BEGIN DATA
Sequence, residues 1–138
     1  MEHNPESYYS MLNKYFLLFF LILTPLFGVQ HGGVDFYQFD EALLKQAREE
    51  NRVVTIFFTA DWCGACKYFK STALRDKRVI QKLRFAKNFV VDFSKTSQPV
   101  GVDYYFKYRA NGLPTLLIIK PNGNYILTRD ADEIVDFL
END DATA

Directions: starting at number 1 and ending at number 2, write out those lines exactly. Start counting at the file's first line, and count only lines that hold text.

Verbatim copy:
Sequence, residues 1–138
     1  MEHNPESYYS MLNKYFLLFF LILTPLFGVQ HGGVDFYQFD EALLKQAREE